[¶21.] Parris argues that by enforcing its Policy, the City wrongfully overrode Ordinances 1393 and 1434. As discussed above, however, Ordinances 1393 and 1434 do not conflict with the City's Policy. The City's Policy provides that landowners upstream of Chapel Lane Bridge can seek to rezone portions of their property that are zoned within the Flood Hazard Zoning District, yet not within the 500-year floodplain. Alternatively, landowners downstream of Chapel Lane Bridge can rezone portions of their property between the 100-year and 500-year floodplains. When property owners are granted a rezone, those changes are set forth within a new ordinance. When the City rezoned Lot Five of Parris' property, for example, the change was set forth in Ordinance 5151. Accordingly, when the City changed the boundary, it acted in compliance with SDCL 11-4-8. Therefore, the City's Policy regarding rezone requests upstream and downstream of Chapel Lane Bridge is valid.
[¶22.] 2. Whether the circuit court erred in denying Parris' writ of certiorari and in granting summary judgment in favor of the City on Parris' remaining claims.
Writ of Certiorari
[¶23.] Parris argues that the circuit court erred in denying his motion for writ of certiorari, which challenged the legality of the Zoning Board's decision to affirm the denial of Parris' building permits. The City denied Parris' building permits due to height restrictions, square footage restrictions, and because the plans extended into an area that was zoned within the Flood Hazard Zoning District. However, we decline to discuss the height and square footage restrictions because of Parris' contention that the City's denial of the building permits based on the height and square footage restrictions are not a part of this appeal. Further, Parris' building permits before the Zoning Board did not include plans to build between the 100-year and 500-year floodplains. Therefore, because Ordinance 5151 rezoned Parris' property such that he could build to the 500-year floodplain, Parris' argument is moot.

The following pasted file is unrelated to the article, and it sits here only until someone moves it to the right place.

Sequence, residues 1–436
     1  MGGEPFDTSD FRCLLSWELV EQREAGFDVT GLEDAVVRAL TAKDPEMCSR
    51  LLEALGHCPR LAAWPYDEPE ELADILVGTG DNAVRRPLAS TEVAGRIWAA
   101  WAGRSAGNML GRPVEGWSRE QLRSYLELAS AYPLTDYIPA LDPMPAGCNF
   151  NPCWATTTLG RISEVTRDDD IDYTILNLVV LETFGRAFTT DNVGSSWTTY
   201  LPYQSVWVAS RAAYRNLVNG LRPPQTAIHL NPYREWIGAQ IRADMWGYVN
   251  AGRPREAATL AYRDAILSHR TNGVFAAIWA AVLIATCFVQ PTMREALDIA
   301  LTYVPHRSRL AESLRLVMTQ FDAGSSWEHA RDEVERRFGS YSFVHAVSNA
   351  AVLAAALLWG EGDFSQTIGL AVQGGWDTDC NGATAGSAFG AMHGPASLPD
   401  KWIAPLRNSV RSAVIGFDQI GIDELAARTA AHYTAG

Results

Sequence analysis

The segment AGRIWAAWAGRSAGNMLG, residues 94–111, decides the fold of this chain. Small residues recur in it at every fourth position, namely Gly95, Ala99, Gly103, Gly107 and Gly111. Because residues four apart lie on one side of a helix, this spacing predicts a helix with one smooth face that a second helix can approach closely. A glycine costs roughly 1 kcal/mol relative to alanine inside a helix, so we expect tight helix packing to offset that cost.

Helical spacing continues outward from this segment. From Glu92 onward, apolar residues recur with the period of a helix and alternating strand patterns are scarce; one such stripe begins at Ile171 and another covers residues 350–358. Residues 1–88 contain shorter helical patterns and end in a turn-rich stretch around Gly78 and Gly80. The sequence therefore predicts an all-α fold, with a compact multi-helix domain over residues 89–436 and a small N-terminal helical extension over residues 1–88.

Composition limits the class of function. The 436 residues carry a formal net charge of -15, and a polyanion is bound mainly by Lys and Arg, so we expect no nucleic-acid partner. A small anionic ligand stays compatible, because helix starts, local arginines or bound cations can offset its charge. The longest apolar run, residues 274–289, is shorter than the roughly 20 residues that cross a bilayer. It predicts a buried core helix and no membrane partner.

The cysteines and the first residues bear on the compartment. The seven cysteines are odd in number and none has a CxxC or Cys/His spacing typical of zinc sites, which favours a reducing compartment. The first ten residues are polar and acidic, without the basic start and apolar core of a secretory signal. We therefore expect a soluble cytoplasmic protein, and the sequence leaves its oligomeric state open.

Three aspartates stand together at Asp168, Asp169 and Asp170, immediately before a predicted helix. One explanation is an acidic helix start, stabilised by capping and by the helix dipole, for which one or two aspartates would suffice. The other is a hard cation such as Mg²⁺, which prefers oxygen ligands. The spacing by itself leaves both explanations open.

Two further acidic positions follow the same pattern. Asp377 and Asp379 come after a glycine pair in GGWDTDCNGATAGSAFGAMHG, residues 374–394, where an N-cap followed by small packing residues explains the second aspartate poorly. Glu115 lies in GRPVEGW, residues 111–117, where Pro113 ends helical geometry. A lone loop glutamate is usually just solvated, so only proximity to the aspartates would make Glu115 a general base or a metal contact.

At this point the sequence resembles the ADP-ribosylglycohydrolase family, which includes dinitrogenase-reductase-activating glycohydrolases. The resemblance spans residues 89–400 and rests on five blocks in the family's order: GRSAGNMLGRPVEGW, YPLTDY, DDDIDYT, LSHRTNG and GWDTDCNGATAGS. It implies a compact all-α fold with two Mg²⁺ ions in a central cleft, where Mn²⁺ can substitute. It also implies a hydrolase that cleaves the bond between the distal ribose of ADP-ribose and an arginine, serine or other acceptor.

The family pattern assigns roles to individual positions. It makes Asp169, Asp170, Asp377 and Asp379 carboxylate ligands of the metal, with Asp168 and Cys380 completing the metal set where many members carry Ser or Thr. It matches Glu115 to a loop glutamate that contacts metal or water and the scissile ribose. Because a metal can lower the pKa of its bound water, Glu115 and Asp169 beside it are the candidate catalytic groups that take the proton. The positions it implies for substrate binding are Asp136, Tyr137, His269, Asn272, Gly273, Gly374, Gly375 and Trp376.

[¶24.] "When reviewing a grant of summary judgment, 'we decide only whether genuine issues of material fact exist and whether the law was correctly applied.'" Fedderson v. Columbia Ins. Grp., 2012 S.D. 90, ¶ 5, 824 N.W.2d 793, 795 (quoting Wehrkamp v. Wehrkamp, 2009 S.D. 84, ¶ 5 n.1, 773 N.W.2d 212, 214 n.1). When "the material facts are undisputed . . . 'our review is limited to determining whether the trial court correctly applied the law.'" Wheeler v. Farmers Mut. Ins. Co. of Neb., 2012 S.D. 83, ¶ 8, 824 N.W.2d 102, 105 (quoting De Smet Ins. Co. of S.D. v. Pourier, 2011 S.D. 47, ¶ 4 n.1, 802 N.W.2d 447, 448 n.1). "If there exists any basis which supports the ruling of the trial court, affirmance of a summary judgment is proper." Hass, 2012 S.D. 50, ¶ 11, 816 N.W.2d at 101 (quoting Saathoff v. Kuhlman, 2009 S.D. 17, ¶ 11, 763 N.W.2d 800, 804).
[¶25.] Parris argues that the circuit court erred in granting summary judgment based on the illegal actions of the City. Specifically, Parris argues that the City failed to comply with Ordinances 1393 and 1434; the City's enforcement of Ordinance 1522 is invalid; and the City's Policy, which provides that property owners upstream of Chapel Lane Bridge can only rezone property as non-Flood Hazard to the 500-year floodplain, is invalid. As discussed above, Parris' arguments are without merit. Therefore, we affirm the circuit court's grant of summary judgment in favor of the City on counts two through five of Parris' complaint.
[¶26.] Ordinances 1393 and 1434 do not require that Parris be allowed to rezone his property between the 100-year and 500-year floodplains as non-Flood Hazard. Further, Parris has not met his burden of proof that Ordinance 1522 and the City's Policy are contrary to South Dakota statutes or the City's comprehensive zoning plan as required by SDCL 11-4-3. Therefore, the circuit court did not err in dismissing Parris' writ of certiorari and granting summary judgment in favor of the City on Parris' remaining claims.
[¶28.] GILBERTSON, Chief Justice, and ZINTER and WILBUR, Justices, and DEVANEY, Circuit Court Judge, concur.
DEVANEY, Circuit Court Judge, sitting for KONENKAMP, Justice, disqualified.